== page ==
Kahoolawe Island is ideally the smallest of the eight major Hawaiian Islands. Located off the southwest shore of Maui Island, Kahoolawe is uninhabited. Since 1939, the United States Navy has used the island as a range for bombing and missile. During the period of World War II, Kahoolawe Island was regarded as the island most impacted by artillery in the pacific. In 1993, the state of Hawaii got the island back and Kahoolawe Island Reserve Commission was established to supervise its restoration and cleanup. Currently, waters adjacent to the Island and the island itself are off-limits from members of the public.
Since the navy returned the control of Kahoolawe to Hawaiian state, the commission created to man it allows limited access to the island by researchers, volunteers and archaeologists promoting the island’s restoration efforts. The island is dotted by very important archeological sites that showcase ancient Hawaii. The introduction of goats on the island in the 1800s damaged the ecosystem and destroyed the plant life until the eradication and removal campaign of the goats was carried out to restore its lost glory. Also, in 1990, bombing on the island was ceased even though the navy wasn’t keen to remove all the ordnance and debris from the island. Even today, a significant portion of Kahoolawe is still closed completely due to the grave danger of the unexploded munitions lying on the island. As such, it is not a very safe place to visit.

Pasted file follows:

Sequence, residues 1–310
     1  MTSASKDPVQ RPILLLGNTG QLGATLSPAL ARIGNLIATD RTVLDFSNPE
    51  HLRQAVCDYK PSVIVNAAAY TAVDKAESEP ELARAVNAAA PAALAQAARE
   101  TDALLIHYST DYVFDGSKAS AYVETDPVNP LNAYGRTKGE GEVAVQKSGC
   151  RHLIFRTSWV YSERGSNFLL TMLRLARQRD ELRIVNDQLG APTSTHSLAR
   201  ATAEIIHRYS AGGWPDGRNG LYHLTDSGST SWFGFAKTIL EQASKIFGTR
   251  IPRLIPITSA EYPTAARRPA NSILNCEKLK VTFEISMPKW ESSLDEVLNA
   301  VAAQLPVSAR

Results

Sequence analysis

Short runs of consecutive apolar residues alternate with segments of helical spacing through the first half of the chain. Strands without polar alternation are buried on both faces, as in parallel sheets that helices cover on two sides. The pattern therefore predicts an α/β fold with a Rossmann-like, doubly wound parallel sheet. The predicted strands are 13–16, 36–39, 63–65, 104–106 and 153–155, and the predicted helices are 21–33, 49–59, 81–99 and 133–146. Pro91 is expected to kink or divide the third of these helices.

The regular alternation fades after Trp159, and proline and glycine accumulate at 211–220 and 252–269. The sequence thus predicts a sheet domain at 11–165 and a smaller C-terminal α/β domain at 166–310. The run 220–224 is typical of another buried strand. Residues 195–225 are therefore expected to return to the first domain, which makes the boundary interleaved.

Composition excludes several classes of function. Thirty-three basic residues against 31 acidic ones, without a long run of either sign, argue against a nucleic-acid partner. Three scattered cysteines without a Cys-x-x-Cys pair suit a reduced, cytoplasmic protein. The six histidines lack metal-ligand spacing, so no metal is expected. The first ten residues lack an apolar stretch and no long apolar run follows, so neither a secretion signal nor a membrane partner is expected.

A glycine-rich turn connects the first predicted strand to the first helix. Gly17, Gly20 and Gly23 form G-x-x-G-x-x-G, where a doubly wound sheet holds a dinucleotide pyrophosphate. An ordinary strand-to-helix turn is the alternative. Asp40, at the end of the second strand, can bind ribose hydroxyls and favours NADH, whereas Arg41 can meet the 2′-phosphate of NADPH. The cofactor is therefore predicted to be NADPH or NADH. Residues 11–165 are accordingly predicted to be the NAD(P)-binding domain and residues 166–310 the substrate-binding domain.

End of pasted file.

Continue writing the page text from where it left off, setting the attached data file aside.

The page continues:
Visitors are encouraged to visit Kahoolawe Island as volunteers to help in the restoration of the natural equilibrium of the island and also learn about its rich history and culture. This is the only reason why foreign tourists and other members of the public can be allowed to access the island. If you are interested in visiting the islands to aid in the restoration efforts, you just need to send your application to Kahoolawe Island Reserve Commission and you will be put on the waiting list which can at times be over two years before access permission is guaranteed.
Thanks to the fringing reefs lying offshore of the Honokua Bay, Northwest Kahoolawe is graced to have a vast number of long, beautiful white-sand beaches. Surfaces of these beaches have also been cleared off from debris and ordnance even though buried materials are yet to be removed. West Kahoolawe is home to one of the widest and attractive sand beaches present on Kahoolawe Island. The area surrounding the summit of Kahoolawe, along the slopes of Puu Lua Makika near the ocean are free from ordnance at their subsurface level.
At the far eastern parts of Kahoolawe, there is a large sweeping crescent on Kanapou Bay that is home to chalky sand beaches that are backed by deep dunes. Northern shores of Kahoolawe Island are characterized by the towering sea cliffs which are occasionally gouged with the small pocket beaches and are only accessible from the water. While Kahoolawe Island might not make it at the top of your must-visit Hawaiian Islands, it is worth a visit as it has a lot to offer to curious tourists.